AGUAS CALIENTES : The suspension of ticket sales to Machu Picchu sparked protests among angry tourists and merchants from the town closest to the Inca citadel.
The number of visitors to the jewel of Peruvian tourism was reduced from 4,044 to 5,044 in July, despite industry complaints.
Friday's protests took place in the neighboring town of Machu Picchu, formerly called Aguas Calientes, where visitors can board minibuses that take them through a narrow mountain pass to climb the ancient site.
Protestors were angry after tickets to enter Machu Picchu were only sold in the nearby city of Cusco and not in Aguas Calientes.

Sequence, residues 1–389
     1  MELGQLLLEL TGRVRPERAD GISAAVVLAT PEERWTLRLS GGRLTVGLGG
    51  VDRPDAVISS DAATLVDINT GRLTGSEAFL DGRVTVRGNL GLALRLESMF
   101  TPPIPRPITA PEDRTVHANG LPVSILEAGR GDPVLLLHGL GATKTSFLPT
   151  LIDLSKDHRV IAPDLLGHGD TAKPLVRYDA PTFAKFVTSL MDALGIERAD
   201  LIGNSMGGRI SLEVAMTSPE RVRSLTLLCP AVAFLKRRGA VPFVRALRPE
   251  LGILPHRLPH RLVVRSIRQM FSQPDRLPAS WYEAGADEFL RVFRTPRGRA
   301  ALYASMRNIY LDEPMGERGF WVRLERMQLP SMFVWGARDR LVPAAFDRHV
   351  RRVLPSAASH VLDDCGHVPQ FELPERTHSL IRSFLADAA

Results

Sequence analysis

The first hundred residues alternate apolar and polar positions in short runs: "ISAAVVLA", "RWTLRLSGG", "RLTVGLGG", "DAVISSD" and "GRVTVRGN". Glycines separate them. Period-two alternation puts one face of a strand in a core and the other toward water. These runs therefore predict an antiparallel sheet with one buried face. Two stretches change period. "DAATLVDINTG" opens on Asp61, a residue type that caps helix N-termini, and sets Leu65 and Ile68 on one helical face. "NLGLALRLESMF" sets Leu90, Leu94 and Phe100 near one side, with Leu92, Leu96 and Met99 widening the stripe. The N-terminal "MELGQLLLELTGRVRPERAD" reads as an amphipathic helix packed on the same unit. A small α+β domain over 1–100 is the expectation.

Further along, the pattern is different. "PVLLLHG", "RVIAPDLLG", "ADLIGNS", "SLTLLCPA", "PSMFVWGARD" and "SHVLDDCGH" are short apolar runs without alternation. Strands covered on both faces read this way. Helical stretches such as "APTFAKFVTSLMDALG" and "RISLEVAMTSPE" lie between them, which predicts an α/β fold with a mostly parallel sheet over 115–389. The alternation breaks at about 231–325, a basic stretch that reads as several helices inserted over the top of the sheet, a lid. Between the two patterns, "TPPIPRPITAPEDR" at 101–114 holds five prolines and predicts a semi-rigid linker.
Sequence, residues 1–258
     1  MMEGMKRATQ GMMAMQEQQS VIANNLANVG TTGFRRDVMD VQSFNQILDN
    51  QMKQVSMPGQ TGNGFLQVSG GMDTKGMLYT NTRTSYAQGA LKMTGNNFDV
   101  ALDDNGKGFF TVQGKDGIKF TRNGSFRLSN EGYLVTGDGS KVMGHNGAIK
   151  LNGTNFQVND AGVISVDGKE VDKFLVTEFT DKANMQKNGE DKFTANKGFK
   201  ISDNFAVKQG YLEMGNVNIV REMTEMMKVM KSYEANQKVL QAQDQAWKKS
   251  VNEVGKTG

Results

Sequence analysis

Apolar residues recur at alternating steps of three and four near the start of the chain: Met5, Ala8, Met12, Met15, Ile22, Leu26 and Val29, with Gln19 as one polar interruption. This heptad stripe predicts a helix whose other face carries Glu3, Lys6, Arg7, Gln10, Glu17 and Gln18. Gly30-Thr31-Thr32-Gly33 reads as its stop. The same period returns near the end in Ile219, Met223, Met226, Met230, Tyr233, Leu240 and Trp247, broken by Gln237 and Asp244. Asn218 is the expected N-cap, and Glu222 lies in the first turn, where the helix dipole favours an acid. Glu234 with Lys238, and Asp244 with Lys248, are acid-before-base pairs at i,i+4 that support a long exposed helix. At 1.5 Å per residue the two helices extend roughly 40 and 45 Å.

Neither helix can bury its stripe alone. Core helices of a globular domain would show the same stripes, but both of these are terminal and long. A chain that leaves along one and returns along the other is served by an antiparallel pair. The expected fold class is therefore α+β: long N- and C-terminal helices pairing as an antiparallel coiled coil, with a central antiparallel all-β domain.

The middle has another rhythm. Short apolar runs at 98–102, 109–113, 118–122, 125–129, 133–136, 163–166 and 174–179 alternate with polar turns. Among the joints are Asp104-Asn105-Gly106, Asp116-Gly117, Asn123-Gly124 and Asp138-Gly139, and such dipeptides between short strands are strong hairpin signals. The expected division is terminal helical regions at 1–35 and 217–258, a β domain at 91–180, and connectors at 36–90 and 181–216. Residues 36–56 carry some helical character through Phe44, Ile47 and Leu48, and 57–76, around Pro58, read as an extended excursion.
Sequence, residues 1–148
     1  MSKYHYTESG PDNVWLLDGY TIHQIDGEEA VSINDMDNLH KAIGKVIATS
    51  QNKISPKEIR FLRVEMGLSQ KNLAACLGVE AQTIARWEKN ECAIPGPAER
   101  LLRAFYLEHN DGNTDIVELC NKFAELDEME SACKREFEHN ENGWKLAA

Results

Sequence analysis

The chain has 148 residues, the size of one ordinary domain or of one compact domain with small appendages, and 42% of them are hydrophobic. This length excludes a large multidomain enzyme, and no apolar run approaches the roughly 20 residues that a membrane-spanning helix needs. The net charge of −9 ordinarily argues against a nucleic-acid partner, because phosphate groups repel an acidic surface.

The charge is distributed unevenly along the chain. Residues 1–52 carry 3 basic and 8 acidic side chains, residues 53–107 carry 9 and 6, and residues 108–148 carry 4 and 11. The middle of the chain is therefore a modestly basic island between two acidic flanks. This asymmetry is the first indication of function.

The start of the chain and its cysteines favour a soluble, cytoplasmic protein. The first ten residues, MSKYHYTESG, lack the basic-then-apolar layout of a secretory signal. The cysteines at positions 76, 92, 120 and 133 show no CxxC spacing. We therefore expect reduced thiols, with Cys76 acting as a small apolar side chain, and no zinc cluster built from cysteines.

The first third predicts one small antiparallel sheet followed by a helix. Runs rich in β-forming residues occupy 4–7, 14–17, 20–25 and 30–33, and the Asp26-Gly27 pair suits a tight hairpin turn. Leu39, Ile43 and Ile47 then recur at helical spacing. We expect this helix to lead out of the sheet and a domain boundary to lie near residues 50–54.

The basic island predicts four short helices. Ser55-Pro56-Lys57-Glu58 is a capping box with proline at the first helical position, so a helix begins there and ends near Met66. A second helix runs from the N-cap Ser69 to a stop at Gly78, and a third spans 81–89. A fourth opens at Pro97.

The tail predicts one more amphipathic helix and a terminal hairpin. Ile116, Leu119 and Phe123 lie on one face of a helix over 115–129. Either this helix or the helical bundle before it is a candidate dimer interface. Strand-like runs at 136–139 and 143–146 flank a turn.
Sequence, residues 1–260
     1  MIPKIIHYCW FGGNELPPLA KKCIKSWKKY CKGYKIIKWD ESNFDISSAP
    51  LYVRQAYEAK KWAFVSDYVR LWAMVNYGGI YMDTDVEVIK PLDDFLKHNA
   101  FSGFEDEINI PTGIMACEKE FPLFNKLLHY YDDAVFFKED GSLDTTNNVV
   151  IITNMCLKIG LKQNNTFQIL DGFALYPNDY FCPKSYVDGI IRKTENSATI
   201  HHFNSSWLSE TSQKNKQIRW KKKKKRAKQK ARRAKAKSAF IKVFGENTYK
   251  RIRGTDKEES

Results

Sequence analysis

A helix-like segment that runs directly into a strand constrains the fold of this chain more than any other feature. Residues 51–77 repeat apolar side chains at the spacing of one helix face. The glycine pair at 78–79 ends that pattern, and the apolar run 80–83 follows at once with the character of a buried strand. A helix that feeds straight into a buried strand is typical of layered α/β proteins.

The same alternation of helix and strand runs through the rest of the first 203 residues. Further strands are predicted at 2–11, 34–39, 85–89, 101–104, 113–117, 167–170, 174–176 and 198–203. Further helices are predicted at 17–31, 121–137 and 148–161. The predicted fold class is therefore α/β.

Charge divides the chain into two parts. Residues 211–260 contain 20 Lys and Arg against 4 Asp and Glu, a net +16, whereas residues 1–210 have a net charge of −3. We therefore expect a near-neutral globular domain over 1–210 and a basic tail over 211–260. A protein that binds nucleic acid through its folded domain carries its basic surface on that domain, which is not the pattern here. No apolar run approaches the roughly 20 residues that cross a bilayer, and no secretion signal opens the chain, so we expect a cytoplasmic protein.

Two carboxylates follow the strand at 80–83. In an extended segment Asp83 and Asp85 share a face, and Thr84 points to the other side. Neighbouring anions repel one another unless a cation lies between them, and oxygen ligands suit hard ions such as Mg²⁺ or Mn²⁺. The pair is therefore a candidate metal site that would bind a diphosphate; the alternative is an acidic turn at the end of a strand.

I paid for my train tickets with Inca Rail for a day with a tour guide. We even paid an additional fee for the bus that brings us here to Machu Picchu, where the ruins are and they have not let us in because we don't have the ticket to get in, Mexican Israel Gonzales Rizoo told AFP.